Adobe Systems Incorporated (NASDAQ:ADBE) stock has soared over the last few years, as the company has transitioned to a subscription-only model for its software. ADBE stock has gained an impressive 167% in the last five years. But since the start of the year, the general market malaise on tech stocks has brought ADBE stock down about seven percent, which could provide an opportunity for investors ahead of earnings later this week.
Adobe is set to report its first-quarter earnings on Wednesday, March 17. With a trailing price-to-earnings (P/E) ratio of 70, there is little room for error, as investors are quite optimistic about its future.
And they have good reason to be. In the last quarter, Adobe beat analyst expectations with record quarterly revenue of $1.31 billion, up 22% from the previous year. Plus, 2015 was a record year for the company as well, with revenue of $4.8 billion, representing 16% growth over 2014.
So what is driving this growth for Adobe?
In 2013, Adobe made the decision to move its core product, the “Creative Suite” (which includes software such as “Photoshop,” “Illustrator,” “Dreamweaver,” and “After Effects”) to the cloud. The new product, called “Creative Cloud,” is based on a monthly subscription model.
The big question investors were asking was whether existing customers were willing to switch from paying a software license to paying a monthly fee. Revenue took a hit in 2013, but the move seems to be paying off for Adobe.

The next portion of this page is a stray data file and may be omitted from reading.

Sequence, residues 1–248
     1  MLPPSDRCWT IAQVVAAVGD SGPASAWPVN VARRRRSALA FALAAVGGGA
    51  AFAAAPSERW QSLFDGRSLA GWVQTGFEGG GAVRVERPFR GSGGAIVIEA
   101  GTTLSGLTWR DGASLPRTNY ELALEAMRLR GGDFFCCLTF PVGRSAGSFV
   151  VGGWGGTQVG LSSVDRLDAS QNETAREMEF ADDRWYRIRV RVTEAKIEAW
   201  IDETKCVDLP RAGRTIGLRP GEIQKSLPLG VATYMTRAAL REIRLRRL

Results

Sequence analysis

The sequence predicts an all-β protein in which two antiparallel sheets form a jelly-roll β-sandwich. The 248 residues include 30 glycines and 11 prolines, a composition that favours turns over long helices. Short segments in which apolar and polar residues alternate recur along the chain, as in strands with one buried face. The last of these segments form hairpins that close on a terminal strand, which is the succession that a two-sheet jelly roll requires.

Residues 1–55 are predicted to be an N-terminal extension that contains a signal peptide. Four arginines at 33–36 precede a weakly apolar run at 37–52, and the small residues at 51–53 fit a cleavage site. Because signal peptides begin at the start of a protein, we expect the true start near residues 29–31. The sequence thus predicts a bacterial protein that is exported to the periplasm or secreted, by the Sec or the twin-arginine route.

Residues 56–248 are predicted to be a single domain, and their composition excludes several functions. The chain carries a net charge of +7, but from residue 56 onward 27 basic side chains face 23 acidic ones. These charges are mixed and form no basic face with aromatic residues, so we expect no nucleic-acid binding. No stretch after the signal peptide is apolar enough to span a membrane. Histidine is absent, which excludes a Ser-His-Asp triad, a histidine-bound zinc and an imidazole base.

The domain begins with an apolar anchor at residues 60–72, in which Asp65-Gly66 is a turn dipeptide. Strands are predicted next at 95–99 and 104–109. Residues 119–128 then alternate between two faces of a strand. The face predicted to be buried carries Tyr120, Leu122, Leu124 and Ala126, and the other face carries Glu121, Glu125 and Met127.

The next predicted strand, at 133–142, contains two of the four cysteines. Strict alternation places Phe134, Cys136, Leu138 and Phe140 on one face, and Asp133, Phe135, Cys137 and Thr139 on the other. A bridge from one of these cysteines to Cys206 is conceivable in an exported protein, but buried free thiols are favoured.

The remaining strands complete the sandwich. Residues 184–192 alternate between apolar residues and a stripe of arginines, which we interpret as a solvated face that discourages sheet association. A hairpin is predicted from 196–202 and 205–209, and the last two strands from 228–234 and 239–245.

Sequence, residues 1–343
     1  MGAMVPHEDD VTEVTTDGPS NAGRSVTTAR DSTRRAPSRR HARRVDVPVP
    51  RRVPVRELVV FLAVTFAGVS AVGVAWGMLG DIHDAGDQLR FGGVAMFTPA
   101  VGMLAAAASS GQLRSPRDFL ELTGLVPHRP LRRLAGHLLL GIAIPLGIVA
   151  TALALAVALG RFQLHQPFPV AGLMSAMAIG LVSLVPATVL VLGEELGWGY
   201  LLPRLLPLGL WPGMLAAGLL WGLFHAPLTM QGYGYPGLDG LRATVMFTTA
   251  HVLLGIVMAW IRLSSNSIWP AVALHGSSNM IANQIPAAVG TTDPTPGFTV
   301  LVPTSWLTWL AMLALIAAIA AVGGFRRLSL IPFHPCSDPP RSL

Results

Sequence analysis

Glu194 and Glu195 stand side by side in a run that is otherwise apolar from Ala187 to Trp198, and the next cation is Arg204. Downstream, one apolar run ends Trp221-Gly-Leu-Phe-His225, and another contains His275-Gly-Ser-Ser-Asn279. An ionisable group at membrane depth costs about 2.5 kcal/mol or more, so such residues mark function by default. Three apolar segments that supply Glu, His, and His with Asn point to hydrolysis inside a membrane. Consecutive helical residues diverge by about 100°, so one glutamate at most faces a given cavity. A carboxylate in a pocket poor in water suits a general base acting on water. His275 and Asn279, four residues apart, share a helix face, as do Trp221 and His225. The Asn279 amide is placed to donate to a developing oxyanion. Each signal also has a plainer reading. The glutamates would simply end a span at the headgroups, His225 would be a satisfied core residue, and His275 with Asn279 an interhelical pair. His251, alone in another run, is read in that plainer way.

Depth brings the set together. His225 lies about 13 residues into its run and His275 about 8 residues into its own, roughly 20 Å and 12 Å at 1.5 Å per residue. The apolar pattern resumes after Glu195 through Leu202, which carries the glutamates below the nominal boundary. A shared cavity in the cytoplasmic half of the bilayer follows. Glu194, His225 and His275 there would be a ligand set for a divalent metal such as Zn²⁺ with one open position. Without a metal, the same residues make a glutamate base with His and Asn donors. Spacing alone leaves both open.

Creative Cloud growth is exploding, with each quarter adding more net new subscriptions than the previous quarter. In 2015, Adobe added about 2.71 million new subscribers, bringing its total to 6.17 million, which is up about 78% over the previous year.
Subscriber growth is, of course, having a positive impact on revenue. Adobe’s subscription revenue for 2015 rose about 55% over the previous year to $3.2 billion, which drove earnings per share to rise about 61% over the previous year. Subscription revenue accounts for 68% of all revenue for Adobe, which mostly comprises the Creative Cloud business segment, so you can see why cloud growth is so important.
Selling a monthly subscription also means Adobe has a reliable revenue stream. And since Adobe no longer sells the Creative Suite on discs, the company saves even more on packaging and distribution costs.
The Bottom Line on ADBE Stock
Adobe’s earnings took a huge hit in 2013 and 2014, but that was due to the transition to a subscription-based business model. With that transition now mostly over, Adobe earnings are taking off. In 2015, earnings grew 133% over the previous year.
The Creative Cloud business segment is going to be the main growth driver going forward for Adobe. The company is forecasting that sales for the segment will hit $8.3 billion by 2018.
At earnings on Thursday, investors will be looking to see if Creative Cloud subscription growth is still accelerating. If Adobe manages to beat expectations, expect ADBE stock to soar.